Microsoft has removed three upgrade blocks from the list of issues affecting the company's Windows 10 OS 1903 upgrades.
We noted in the article yesterday that users are facing new issues that Microsoft has not officially confirmed at this time, though they seemed widespread enough to guarantee at least a bug tracking entry.
Microsoft has confirmed two new questions on July 12, 2019, which the company believes are serious enough to block the machines affected by these problems from upgrading to Windows 10 version 1903.
One problem concerns Surface Book 2 devices only, and the other confirms the problem with the Remote Desktop black screen.
Publishing a Surface Book 2
Microsoft has confirmed a problem affecting Surface Book 2 devices that cause some of the device's intensive graphics operations after upgrading to Windows 10 version 1903
Sometimes dGPU may disappear from the Surface Book 2 Device Manager with dGPU
Microsoft identified a compatibility issue with some Surface Book 2 devices configured with Nvidia Discrete Graphics Processing Unit (dGPU). After updating to Window 10, version 1903 (feature update for May 2019), some apps or games that need to perform intensive graphical operations may close or not open.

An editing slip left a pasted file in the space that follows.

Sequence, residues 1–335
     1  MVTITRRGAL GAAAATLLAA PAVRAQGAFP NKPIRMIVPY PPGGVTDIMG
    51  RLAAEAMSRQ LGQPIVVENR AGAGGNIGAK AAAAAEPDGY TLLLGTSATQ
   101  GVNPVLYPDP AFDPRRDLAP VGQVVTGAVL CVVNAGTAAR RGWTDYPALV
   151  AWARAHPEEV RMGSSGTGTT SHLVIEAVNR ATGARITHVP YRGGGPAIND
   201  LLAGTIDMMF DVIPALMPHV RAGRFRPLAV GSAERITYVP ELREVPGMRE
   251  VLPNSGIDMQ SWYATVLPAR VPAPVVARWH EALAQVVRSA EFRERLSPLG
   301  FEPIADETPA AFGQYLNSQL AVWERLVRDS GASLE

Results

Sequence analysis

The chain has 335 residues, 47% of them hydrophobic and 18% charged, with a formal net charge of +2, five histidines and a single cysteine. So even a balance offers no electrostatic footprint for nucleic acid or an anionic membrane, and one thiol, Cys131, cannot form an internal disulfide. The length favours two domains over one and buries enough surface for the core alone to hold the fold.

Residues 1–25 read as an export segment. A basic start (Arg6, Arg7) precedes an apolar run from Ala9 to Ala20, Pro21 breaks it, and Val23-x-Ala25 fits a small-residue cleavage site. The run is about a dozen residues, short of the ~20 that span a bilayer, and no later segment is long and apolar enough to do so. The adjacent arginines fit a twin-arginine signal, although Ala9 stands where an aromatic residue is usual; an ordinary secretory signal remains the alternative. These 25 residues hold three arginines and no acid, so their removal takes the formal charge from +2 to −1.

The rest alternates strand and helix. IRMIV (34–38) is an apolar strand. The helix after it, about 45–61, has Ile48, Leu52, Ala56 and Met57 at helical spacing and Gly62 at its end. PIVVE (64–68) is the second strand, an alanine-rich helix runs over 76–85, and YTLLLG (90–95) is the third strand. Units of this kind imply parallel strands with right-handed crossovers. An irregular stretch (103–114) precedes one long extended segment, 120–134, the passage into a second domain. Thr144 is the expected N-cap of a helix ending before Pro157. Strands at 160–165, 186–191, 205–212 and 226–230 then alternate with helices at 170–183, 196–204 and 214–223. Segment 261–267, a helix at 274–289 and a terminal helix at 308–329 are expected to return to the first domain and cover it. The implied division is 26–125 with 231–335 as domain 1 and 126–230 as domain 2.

Microsoft offers administrators who have upgraded Windows 9 Surface Book 2 on Windows 10 version 1903 to restart the device when this happens or to manually scan for hardware changes in the device manager.
Problem with the black screen on the remote desktop
The second confirmed issue concerns devices with some embedded graphics processors from the Intel 4 Series Chips that have established remote connections. The problem may arise with any device that initiates the remote connection and users may notice that the screen remains black after the connection is established.
Initiating a connection to a remote desktop can result in a black screen
When you initiate a remote desktop connection with devices with some older GPU drivers, you may get a black screen. Each version of Windows may encounter this problem when initiating a remote desktop connection to a Windows 10, 1903 device that works with a affected display driver, including Intel iGPU 4 Series Embedded Graphics Processor drivers, .
Microsoft did not offer a solution to the problem at the time, but Gunther Bourn published a solution on its site a few hours ago, which could solve the problem.
In addition to upgrading the graphics driver for affected devices, Born offers administrators the ability to prohibit the use of the WDDM desktop display driver for remote desktop connections in group policies that are located under Windows Components> Remote Desktop Services > Remote Desktop Host> Remote session environment.
Now you: Are you affected by these problems?